Covid is blamed for surge in ‘demonic possessions’ as Catholic Church opens centre dedicated to exorcisms in the Philippines
- The St Michael Centre for Spiritual Liberation and Exorcism is opening in Manila
- The centre will train priests and be a dedicated site to perform exorcisms
- Father Jose Francisco Syquia said he receives 10 reports a day of demons
The Catholic Church is building a centre dedicated to exorcisms in the Philippines after an apparent surge since the pandemic.
The St Michael Centre for Spiritual Liberation and Exorcism in Manila will be the first of its kind in Asia and will train priests in the art of expelling demons and provide a dedicated site to perform the rituals.
Father Jose Francisco Syquia, director of the archdiocese and chief exorcist, said he receives around 10 reports a day of spiritual disturbances.
Father Jose Francisco Syquia (pictured), director of the archdiocese and chief exorcist, said he receives around 10 reports a day of spiritual disturbances
The St Michael Centre for Spiritual Liberation and Exorcism in Manila will be the first of its kind in Manila (pictured in design plans)
The church said that mental, emotional, spiritual, and physical stress caused by the pandemic made for a perfect storm for possessions and demonic intervention.
The archdiocese said: ‘A product of more than seven years of prayers, planning and fundraising, this will be the first of its kind in Asia, if not the world.’
Father Syquia added: ‘This centre will minister to those in bondage to the devil who are therefore the poorest of the poor and are usually overlooked.’
The centre has a chapel as well as rooms for counselling, exorcisms and interviews.
Father Syquia says ‘full possession’ only accounts for 20 per cent of all exorcisms, with the majority being performed on people who are being ‘harassed physically’ by the evil spirits.
He believes witchcraft and unhealthy home lives can be contributing factors, and there has been a ‘sharp increase’ in the past three to five years.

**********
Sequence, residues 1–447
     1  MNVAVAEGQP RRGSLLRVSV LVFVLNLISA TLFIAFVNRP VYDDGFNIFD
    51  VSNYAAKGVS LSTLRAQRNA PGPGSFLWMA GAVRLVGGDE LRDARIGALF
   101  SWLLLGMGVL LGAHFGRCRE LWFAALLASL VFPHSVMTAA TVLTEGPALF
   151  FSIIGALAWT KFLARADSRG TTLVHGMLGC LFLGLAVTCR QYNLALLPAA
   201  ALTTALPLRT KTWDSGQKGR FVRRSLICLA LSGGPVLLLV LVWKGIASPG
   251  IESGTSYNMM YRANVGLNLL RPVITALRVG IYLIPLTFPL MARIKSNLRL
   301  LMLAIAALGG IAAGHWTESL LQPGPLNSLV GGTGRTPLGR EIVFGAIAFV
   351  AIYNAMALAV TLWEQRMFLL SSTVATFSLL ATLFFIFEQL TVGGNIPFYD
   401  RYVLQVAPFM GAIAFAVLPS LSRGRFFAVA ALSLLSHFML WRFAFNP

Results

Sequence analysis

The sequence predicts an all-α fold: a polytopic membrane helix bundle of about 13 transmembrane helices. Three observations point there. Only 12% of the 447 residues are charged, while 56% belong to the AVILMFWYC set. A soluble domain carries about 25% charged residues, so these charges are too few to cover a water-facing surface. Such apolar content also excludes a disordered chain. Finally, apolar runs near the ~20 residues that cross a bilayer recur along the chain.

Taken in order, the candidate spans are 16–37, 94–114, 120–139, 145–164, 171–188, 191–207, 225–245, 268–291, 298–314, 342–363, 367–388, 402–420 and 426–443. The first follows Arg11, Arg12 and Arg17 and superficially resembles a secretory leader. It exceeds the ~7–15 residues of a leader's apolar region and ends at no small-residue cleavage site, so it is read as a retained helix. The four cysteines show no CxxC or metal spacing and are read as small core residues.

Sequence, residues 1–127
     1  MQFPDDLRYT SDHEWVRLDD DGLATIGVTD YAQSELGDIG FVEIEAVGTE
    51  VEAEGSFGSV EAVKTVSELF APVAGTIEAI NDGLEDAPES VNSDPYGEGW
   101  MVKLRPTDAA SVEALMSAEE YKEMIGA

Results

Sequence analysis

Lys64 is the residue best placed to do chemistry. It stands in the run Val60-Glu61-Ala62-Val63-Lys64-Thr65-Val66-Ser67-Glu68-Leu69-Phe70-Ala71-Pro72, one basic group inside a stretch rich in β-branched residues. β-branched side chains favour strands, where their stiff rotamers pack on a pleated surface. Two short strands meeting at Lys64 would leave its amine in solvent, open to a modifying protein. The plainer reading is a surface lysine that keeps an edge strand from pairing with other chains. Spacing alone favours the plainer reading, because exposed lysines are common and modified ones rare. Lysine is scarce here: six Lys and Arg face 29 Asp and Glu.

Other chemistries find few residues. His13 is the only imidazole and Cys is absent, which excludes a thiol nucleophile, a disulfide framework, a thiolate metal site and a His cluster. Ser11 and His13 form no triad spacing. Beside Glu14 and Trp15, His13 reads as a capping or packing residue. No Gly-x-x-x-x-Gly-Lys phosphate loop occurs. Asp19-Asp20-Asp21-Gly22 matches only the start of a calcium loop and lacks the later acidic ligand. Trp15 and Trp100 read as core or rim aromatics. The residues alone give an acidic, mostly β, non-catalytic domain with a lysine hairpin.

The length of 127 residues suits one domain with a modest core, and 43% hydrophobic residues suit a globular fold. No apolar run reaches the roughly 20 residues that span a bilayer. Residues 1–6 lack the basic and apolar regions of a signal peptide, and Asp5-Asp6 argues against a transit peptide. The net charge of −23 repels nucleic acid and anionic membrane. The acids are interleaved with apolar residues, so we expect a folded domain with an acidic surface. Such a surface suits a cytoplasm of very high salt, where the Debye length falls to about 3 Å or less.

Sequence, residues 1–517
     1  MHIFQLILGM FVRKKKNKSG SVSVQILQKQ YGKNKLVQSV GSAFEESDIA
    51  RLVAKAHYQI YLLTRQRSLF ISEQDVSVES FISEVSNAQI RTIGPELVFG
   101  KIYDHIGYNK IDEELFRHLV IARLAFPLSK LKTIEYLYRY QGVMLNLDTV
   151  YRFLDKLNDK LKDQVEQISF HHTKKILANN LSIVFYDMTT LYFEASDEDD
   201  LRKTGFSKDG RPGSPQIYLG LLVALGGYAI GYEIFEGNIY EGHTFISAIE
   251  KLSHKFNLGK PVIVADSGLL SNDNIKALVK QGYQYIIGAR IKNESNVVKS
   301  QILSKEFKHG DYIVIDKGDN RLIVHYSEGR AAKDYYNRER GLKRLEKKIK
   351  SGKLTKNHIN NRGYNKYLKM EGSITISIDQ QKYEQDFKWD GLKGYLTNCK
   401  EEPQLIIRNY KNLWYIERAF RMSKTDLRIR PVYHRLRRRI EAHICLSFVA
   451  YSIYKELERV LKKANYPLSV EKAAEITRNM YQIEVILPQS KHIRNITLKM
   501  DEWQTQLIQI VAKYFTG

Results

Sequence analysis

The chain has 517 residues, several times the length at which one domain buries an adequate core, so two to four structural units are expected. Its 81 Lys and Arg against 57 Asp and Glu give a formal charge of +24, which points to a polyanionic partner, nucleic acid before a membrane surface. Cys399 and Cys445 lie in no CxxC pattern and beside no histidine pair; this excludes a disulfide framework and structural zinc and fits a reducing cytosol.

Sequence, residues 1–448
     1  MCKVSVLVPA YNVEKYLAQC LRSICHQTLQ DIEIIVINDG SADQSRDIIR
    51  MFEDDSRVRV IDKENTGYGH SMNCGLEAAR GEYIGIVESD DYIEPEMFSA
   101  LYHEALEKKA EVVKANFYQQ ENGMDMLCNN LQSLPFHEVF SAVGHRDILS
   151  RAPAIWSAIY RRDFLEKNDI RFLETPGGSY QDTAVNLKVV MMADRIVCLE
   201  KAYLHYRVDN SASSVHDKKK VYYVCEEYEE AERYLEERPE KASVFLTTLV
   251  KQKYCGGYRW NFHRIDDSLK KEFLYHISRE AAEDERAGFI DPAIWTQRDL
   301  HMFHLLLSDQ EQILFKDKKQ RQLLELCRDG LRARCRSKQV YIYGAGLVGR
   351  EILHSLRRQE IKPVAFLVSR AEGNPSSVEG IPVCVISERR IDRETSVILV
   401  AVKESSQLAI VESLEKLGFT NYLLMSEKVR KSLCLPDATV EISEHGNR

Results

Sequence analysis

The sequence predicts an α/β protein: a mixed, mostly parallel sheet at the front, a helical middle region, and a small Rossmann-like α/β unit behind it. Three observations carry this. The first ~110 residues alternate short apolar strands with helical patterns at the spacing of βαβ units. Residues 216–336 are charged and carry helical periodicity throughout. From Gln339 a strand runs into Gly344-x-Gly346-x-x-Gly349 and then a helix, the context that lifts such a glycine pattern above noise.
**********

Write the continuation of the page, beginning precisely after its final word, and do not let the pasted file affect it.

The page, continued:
Only Catholic priests who have undergone intensive training and received approval from a bishop are allowed to perform exorcisms.
The centre has a chapel as well as rooms for counselling, exorcisms and interviews
The Philippines has the third largest population of Catholics in the world, behind Brazil and Mexico.
The Vatican first offered a course on exorcisms in 2005 and it is expected the new centre will train priests from all around the world.
A groundbreaking ceremony was held last month and it is not yet known when construction will be completed.
It will serve as the headquarters of the Philippine Association of Catholic Exorcists (PACE), which falls under the Catholic Bishops’ Conference of the Philippines.
Father Syquia previously said he has received text messages from demons after performing exorcisms.
He said a woman who he had seen levitate after becoming possessed sent threatening messages to his office phone.
The priest was talking to the woman and her companion and the phone was in a different room.
The messages claimed he was a sinner and a liar and he would not be able to purge the evil spirits from her body.
Father Syquia said: ‘The devil has power over anything electrical. If this place is infested, for example, and they want their presence known, usually the lights would flicker. If I give a talk and use a certain gadget, the devil would easily shut it down because he is an expert in anything electrical.’